By Charles Hurburgh, Department of Agricultural and Biosystems Engineering; Palle Pedersen, Department of Agronomy
After a warm period in early September, crop maturity was slowed by rain, and in some areas snow. The state experienced a hard freeze on Oct. 10 and 11. Despite the overall cool growing season, the USDA October Iowa yield estimate was the highest on record. As often happens with high grain yields, quality issues are surfacing.
The quick burst of heat in September moved many soybeans, especially in the western half of the state, to maturity, but at the further expense of some grain fill and composition. As in 2008, soybean protein contents are low (31-34 percent typically) and oil contents above average (19 percent or greater). This will produce high-protein meals in the 45-47 percent protein range, although normally the essential amino acids (lysine, methionine and cysteine) do not fall off as rapidly as protein, leading to potentially good nutritional value for swine and poultry.
In the western half of Iowa, soybeans were generally mature before the frost, but intermittent rain and snow hampered harvest progress. Soybeans in the field that have dried down once then regained moisture will dry again at least once. Soybeans are very responsive to air relative humidity. However, after Oct. 20, the number of low humidity warm days decreases and therefore the field drydown chances decrease. If the ground is cold and damp, the environment around the plants will not be conducive to drying. Soybeans if left in the field generally settle between 17 and 20 percent moisture. Moisture meters can read mature wet beans accurately. Check farm meters against state inspected elevator meters on 5-10 samples.
Some soybeans were frost-damaged in eastern Iowa. Frost Damage to Corn and Soybeans, PM1635 has additional information on frost damage to soybeans. The major impact will be the creation of high moisture green soybeans. Frost damaged soybeans also have lower oil and less extractable oil than the average for the area. Greenness is a processing problem; greater refining losses are incurred in removing the green color. Greenness will subside somewhat after several weeks of aeration, which is also necessary to reduce the moisture. Green soybeans will be harder to separate in combines; expect more pods and foreign matter (FM) as well. Moisture meters read low on mixtures of mature and immature beans.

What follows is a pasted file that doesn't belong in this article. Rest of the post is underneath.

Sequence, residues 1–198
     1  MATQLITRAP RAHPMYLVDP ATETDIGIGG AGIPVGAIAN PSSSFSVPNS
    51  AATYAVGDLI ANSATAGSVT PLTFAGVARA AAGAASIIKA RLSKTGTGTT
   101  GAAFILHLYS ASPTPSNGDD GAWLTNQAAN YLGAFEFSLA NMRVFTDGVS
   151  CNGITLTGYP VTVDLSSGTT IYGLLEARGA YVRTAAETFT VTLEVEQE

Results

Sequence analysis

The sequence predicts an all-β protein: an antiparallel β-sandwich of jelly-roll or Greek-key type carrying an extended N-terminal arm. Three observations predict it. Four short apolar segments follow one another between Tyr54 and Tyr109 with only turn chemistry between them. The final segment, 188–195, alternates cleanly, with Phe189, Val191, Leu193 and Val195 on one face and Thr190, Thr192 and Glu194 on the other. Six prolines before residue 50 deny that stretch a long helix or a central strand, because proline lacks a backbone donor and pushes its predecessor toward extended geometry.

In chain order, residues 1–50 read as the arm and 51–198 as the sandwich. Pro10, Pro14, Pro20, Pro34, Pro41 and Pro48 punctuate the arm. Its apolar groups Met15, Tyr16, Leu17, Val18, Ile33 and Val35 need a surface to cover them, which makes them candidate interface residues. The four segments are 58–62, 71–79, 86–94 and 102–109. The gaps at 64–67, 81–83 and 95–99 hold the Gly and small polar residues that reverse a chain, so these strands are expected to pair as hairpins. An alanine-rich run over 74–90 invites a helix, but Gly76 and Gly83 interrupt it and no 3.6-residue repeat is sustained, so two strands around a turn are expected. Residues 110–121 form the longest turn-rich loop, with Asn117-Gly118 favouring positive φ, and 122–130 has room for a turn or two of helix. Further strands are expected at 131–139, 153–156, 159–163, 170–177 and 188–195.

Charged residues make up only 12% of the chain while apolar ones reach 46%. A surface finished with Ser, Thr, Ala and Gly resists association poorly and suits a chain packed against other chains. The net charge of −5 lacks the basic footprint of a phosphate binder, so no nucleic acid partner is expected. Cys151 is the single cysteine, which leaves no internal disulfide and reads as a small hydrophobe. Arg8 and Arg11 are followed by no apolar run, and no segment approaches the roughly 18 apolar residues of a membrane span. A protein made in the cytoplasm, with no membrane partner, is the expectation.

Grains have a shelf life just like any food product. Shelf life is primarily determined by moisture content and temperature. It is gradually used through the time before use, and each operation or storage regime consumes a portion of the life. The table below gives the storage life for corn and soybeans at varying moistures and temperatures. Soybeans respond like corn, but two a percentage point difference in moisture.
Some cautions in using the Table:
1. The numbers assume that temperatures are held constant — such as with aeration. Grain heats when it spoils, and gives off moisture. Unaerated grain will shorten its own shelf life through moisture and heat.
2. Immature soybeans will spoil faster than the Table indicates.
3. If grain is held at higher moisture, then dried, the storage time can be used up in the wet conditions. The dry grain will still experience hot spots or other problems in the summer.
4. Soybeans are difficult to recover once spoilage has started. The oil becomes rancid and oxidizes.
Every action taken after harvest affects the ultimate length of time grain can be stored and the quality at the time of use. Check combine settings between fields because FM and cracked seeds (splits) spoil much faster than whole, sound kernels. Grain that starts to heat or get moldy has essentially used its storage life. The goal of grain storage management is to reduce the rate at which the life is lost. Always get grain cool quickly and minimize variations
Holding wet grain, especially without aeration, shortens shelf life considerably. Overnight storage of wet soybeans in a wagon or truck can have a marked effect on future storability. Always get wet grain into an aerated storage immediately.
Phase 1: Fall Cool Down
• Lower grain temperatures in a stepwise fashion
• October 40-45 F
• November 35-40 F
• December 28-35 F
Phase 2: Winter Maintenance